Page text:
(TeaParty.org) – Arizona Republicans are pressing Dem officials as to the legality of so-called “emergency voting centers” that popped up in the last minute in places like Maricopa County.
As the Arizona Republic reported, the centers, set up by the Recorder’s Office, appeared between 8 a.m. to 5 p.m. on the Saturday and Monday on the days leading up to the midterm elections.
What counted as an “emergency” was entirely up to the voter.
The GOP in Arizona has voiced concern over these practices in the past and sent a letter to all recorders in Arizona to express that the centers may be used to skirt voting deadline laws.
Singling out Maricopa county they wrote, “It has come to our attention that the Maricopa County Recorder’s office may be systematically permitting electors to cast in-person early ballots between Saturday, November 3 and Monday, November 5, irrespective of whether such individuals have cited any articulable emergency.”
“If true, this practice impermissibly circumvents the statutory deadline and constitutes a de facto extension of general early voting,” they added.
Republican officials have requested that ballots that have come from the emergency voting centers be separated from regular ballots, for the sake of clarifying legality.
The Arizona Republic estimates there are around 3,000 ballots that would be in question.
They note, however, that “(Maricopa County Recorder Adrian Fontes) would not confirm whether the office is complying with the request and separating the ballots.”
Fontes was interviewed on “Sunday Square Off” this week on local NBC station 12News, where he was asked to answer the charge that the emergency voting centers may favor Democrats due to their location in the state.
“There were five of them open on Saturday and Monday … two of them along I-10, Avondale and Tolleson. Not very far apart … there were none in the northwest valley, and some other areas didn’t have any.”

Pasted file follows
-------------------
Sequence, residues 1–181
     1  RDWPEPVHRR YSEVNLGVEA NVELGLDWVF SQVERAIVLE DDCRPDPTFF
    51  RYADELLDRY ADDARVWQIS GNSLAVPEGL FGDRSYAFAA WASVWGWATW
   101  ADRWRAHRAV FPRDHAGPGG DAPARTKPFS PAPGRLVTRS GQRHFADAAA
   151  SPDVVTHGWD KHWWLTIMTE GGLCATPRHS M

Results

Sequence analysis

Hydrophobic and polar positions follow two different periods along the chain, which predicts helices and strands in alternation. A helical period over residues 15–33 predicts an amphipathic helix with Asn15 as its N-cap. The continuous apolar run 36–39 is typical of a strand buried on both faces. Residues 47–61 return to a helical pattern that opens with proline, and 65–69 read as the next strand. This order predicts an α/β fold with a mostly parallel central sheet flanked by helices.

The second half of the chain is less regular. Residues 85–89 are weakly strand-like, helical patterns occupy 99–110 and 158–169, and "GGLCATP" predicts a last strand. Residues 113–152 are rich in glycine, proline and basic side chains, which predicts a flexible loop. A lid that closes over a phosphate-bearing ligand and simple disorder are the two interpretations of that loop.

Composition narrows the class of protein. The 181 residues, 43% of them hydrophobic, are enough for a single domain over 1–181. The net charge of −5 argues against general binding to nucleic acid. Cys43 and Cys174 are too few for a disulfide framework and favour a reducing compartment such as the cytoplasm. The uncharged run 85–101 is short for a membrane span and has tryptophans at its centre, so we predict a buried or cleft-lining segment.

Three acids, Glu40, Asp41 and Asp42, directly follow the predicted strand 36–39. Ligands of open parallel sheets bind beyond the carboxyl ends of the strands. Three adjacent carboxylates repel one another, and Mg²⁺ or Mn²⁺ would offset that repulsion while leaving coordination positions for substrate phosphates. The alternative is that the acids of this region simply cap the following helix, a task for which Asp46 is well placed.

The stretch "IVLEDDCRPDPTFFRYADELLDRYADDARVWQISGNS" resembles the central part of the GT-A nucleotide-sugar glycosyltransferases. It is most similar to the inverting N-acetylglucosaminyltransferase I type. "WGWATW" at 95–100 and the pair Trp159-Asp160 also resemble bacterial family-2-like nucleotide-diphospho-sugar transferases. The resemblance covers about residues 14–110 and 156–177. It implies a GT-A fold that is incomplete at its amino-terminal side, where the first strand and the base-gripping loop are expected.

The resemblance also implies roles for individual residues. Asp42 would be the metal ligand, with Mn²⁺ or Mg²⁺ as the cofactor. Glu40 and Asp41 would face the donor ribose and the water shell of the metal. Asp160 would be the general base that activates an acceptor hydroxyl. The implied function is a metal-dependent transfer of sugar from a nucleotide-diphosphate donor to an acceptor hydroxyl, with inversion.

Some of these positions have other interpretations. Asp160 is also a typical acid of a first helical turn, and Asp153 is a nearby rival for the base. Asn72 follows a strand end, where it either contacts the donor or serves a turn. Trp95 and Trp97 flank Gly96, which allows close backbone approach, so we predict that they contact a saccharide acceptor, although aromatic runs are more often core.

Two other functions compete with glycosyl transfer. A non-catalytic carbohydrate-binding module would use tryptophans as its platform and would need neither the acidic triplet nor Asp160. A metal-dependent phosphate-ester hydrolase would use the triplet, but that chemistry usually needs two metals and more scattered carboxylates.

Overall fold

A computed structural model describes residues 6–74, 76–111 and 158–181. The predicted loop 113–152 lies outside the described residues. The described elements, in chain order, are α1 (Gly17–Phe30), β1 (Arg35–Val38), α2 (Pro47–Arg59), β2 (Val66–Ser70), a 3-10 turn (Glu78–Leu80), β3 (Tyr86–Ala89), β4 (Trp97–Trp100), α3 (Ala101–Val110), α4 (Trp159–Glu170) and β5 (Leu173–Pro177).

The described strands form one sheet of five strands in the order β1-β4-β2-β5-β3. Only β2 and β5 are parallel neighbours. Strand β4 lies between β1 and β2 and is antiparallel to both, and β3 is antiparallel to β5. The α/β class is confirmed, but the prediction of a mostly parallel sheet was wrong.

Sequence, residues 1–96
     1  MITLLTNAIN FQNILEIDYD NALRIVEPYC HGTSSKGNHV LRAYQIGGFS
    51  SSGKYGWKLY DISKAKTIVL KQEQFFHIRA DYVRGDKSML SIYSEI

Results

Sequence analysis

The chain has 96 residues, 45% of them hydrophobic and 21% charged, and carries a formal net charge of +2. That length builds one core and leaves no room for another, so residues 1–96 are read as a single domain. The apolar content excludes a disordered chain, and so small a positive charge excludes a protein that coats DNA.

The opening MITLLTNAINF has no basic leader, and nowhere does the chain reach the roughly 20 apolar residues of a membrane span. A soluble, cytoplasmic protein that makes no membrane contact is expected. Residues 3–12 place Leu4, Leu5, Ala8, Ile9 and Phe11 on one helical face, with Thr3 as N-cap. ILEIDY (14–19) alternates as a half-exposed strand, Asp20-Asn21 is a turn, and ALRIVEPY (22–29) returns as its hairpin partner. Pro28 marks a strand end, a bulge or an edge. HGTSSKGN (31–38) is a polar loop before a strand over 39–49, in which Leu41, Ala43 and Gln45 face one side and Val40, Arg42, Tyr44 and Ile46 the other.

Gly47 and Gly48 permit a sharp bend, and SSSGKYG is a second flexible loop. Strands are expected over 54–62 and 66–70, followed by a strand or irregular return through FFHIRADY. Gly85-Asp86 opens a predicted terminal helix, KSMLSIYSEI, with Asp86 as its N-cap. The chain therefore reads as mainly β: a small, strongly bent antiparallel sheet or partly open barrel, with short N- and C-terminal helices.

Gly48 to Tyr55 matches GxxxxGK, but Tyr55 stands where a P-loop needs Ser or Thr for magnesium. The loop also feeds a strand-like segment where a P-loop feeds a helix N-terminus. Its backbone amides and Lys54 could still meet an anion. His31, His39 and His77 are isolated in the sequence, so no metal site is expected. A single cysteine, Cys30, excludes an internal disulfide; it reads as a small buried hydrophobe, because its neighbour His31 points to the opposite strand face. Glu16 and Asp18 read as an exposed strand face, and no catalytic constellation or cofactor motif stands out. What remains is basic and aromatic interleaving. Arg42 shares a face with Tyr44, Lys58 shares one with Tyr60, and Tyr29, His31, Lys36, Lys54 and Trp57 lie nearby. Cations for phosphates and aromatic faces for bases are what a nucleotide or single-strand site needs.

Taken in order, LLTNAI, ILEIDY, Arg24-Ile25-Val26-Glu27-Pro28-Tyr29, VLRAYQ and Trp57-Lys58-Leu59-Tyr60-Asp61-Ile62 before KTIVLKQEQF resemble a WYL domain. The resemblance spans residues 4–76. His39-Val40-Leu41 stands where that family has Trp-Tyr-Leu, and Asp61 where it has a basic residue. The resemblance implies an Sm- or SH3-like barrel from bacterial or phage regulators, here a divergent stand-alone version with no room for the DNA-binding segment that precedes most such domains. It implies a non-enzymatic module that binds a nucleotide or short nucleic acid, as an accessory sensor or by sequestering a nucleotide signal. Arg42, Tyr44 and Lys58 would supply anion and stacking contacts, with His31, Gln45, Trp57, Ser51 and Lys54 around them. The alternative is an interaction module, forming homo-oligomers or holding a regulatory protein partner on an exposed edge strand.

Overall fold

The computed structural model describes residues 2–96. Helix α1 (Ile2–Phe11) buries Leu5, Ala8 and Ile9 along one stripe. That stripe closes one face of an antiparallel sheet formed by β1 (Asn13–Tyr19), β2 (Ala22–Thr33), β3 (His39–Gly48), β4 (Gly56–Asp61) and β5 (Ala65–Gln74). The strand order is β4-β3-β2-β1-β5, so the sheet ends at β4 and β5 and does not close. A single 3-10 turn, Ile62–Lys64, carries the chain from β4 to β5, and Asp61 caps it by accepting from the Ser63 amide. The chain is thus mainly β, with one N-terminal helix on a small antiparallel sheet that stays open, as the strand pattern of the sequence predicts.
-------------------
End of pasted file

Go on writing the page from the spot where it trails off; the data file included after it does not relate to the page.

“How fair is this when vast swaths of the valley (Phoenix metro area) — and maybe some Republican districts some might argue — were left out of these voting centers while you have two very close to each other in a Democratic area?” the host asked.
“Here’s what’s interesting about this. On the one hand, we have people complaining that I shouldn’t be doing something in the first place. And on the other hand, when I do it they criticize me for the way it happens. And that’s fair. I’m an elected official, and I’ve got big shoulders,” Fontes replied.
That doesn’t answer much of anything, now, does it?
Fontes did explain, however, that the emergency voting centers had been requested by Tolleson mayor Anna Tovar, who endorsed Democratic Senate candidate Kyrsten Sinema nearly a year ago.
“I could have gone, without any illness and — for any reason I could have gone to one of these centers for any reason at all,” the host continued.
“You would have had to have had an emergency,” Fontes replied.
“Democratic candidates were putting this number and address out on door hangers saying, ‘Just show up,’” the host pressed.
Fontes explained that, according to the law, states are allowed to make emergency voting available, but also admitted that those who utilized these centers were not evaluated as to whether or not there was an actual emergency at hand.
“It’s not my business what your emergency is, Brahm. I’ve got HIPPA (Health Insurance Portability and Accountability Act) laws that prevent me from asking. You’ve got your privacy that I have to respect, and by the way, what, pray tell, is the problem with giving voters access to the ballot box? That’s my first question,” Fontes explained.
While Arizona state law requires early voting to end the Friday before Election Day, it does allow for emergency voting to happen after this time.
Considering how many suspicious elections mishaps there have been that favor Democrats since last Tuesday, however, it’s hard not to notice that these emergency voting centers also favor Democrats, so the GOP is right to call into question their legality, and motive.